Drucilla Cornell received her B.A. in philosophy and mathematics from Antioch College in 1978, and her J.D. from UCLA Law School in 1981.
She is professor of political science, women's studies, and comparative literature at Rutgers University.
Prior to beginning her life as an academic, Cornell was a union organizer for a number of years. She worked for the UAW, the UE, and the IUE in California, New Jersey, and New York.
She played a key role in organizing the conference on deconstruction and justice at the Benjamin N. Cardozo School of Law in 1989, 1990, and 1993 - a conference at which Jacques Derrida is thought by many to have made his definitive philosophical turn toward the ethical. In addition, she has worked to coordinate Law and Humanities Speakers Series with the Jacob Burns Institute for Advanced Legal Studies and the Committee on Liberal Studies at the New School for Social Research.
Professor Cornell was professor at the Cardozo School of Law from 1989 to 1994. From 1994-2001, she was professor of law at Rutgers-Newark Law School. Her other academic appointments include visiting distinguished professor of philosophy at Warwick University, UK; visiting professor of philosophy at SUNY Stonybrook; professor at the National Endowment of the Humanities Summer Institute.
She has been a senior fellow at A.D. Whitehouse, Cornell University, and a Mellon fellow at the Institute for Advanced Study in Princeton.
She has written numerous articles on contemporary continental thought, critical theory, grass-roots political and legal mobilization, jurisprudence, women's literature, feminism, aesthetics, psychoanalysis, and political philosophy that have appeared in such journals as Economy and Society, Social Policy, Identities, Journal for the Psychoanalysis of Culture and Society, Interventions, New Literary History, Times Literary Supplement, Critical Inquiry, Constellations, Signs, Hypatia, Differences, Philosophia Africana, Philosophy and Social Criticism, International Journal of Philosophy, Praxis International, Cultural Critique, Cornell Law Review, Cardozo Law Review, Harvard Law Review, Yale Law Review, Yale Journal of Law and Humanities, and University of Pennsylvania Law Review.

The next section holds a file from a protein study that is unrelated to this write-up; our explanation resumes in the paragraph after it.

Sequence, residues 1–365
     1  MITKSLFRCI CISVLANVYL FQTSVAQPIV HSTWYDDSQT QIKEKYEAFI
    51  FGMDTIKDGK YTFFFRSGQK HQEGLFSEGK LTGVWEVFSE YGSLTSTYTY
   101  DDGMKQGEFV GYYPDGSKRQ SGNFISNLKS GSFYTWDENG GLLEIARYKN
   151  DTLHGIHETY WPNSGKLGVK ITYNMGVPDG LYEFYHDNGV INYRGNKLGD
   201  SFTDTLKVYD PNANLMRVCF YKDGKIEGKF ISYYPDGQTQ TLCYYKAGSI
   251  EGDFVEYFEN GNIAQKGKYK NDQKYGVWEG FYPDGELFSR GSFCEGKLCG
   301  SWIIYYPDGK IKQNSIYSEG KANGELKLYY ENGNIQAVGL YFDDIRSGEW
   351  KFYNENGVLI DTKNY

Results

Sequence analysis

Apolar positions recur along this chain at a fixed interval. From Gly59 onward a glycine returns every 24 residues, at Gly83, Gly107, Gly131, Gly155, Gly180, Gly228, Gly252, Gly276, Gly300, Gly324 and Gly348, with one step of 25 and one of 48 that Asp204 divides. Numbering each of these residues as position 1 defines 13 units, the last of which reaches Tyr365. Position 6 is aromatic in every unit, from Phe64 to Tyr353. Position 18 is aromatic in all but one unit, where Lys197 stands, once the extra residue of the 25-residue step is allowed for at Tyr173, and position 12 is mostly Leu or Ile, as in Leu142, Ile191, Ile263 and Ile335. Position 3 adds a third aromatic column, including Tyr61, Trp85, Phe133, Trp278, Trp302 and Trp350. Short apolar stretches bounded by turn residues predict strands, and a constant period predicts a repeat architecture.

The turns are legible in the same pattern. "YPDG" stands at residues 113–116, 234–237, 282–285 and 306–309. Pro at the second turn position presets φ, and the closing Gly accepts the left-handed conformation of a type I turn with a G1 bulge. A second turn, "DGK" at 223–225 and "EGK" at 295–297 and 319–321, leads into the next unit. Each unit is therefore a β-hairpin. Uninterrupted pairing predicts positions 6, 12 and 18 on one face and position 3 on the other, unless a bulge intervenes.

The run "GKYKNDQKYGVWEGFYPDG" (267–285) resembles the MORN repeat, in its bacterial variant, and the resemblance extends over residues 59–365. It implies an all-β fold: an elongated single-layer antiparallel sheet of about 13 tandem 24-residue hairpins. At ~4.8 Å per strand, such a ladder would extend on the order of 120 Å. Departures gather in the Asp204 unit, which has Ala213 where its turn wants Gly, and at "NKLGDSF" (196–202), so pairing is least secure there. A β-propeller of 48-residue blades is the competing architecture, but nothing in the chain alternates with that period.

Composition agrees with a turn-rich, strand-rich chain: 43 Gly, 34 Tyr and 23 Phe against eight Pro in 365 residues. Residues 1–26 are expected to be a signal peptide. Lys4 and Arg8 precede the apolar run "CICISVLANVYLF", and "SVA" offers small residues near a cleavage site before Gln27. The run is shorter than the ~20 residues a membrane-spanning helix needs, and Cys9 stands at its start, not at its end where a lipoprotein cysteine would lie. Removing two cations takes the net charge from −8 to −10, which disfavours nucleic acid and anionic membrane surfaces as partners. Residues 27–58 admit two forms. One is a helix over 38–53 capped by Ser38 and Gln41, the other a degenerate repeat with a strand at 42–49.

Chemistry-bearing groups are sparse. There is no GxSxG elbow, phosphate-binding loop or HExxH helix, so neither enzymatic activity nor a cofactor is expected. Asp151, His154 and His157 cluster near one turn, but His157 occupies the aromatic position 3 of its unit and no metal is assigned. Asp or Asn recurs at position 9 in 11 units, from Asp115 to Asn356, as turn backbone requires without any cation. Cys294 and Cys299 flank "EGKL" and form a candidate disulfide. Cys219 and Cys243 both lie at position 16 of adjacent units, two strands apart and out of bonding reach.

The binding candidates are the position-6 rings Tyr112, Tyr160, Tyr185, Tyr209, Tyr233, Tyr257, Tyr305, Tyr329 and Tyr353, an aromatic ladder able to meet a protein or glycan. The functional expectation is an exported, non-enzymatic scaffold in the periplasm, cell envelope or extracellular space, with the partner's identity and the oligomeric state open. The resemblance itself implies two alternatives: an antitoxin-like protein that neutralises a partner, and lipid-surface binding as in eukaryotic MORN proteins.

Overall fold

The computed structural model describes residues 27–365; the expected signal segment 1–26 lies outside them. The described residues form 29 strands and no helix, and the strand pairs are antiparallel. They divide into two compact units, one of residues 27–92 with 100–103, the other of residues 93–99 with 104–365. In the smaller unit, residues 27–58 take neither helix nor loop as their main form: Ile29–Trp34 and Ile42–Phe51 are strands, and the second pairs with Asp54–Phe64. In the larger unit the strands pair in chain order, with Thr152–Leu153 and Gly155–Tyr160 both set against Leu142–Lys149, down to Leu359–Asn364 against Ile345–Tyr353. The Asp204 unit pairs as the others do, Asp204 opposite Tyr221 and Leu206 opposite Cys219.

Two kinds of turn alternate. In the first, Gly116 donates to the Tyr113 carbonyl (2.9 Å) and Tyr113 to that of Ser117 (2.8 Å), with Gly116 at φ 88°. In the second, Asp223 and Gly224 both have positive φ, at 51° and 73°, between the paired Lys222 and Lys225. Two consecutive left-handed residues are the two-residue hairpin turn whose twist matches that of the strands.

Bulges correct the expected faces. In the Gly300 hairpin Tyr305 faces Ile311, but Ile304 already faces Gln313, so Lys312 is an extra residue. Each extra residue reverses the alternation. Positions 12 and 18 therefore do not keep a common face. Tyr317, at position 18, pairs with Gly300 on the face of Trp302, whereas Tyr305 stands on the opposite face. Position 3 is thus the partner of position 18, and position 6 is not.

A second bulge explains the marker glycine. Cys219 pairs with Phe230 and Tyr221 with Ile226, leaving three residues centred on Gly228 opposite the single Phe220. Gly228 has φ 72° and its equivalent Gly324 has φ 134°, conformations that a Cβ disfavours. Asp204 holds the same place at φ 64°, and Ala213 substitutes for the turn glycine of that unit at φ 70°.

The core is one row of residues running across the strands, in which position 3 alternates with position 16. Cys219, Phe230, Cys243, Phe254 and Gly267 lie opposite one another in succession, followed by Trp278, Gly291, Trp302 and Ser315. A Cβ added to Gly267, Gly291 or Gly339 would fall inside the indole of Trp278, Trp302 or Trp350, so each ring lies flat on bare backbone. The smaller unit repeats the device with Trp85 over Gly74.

She is the co-editor, with Seyla Benhabib, of Feminism as Critique: On the Politics of Gender (1987); with David Gray Carlson and Michel Rosenfeld of Hegel and Legal Theory (1991); with Carlson and Rosenfeld of Deconstruction and the Possibility of Justice (1992); and of Feminism and Pornography (2000).
She has published seven books: - Beyond Accomodation: Ethical Feminism, Deconstruction and the Law (1991, new edition 1999), - The Philosophy of the Limit (1992), - Transformations: Recollective Imagination and Sexual Difference (1993), - The Imaginary Domain: Abortion, Pornography, and Sexual Harrassment (1995) - At the Heart of Freedom: Feminism, Sex, and Equality (1998), - Just Cause: Freedom, Identity, and Rights (2000), - Between Women and Generations: Legacies of Dignity (2002).
She is part of a published philosophical exchange with Seyla Benhabib, Judith Butler, and Nancy Fraser entitled Feminist Contentions (1995).
Her work has been translated into French, German, Japanese, Serbo-Croation, Portuguese, and Spanish.
She lectures widely and has recently given papers and conducted seminars in South Africa, Japan, Serbia, and Macedonia.
In March 2003, she will delivered the prestigious Ryle Lectures at Trent University in Canada.
A produced playwright, productions of her plays The Dream Cure, Background Interference, and Lifeline have been performed in California, New York, Florida, and Ohio. Her dramatization of James Joyce's Finnegan's Wake runs every year in Dublin, Ireland.
She is currently working on two books: one about the future of freedom, equality, and global development; another about the future of critical theory.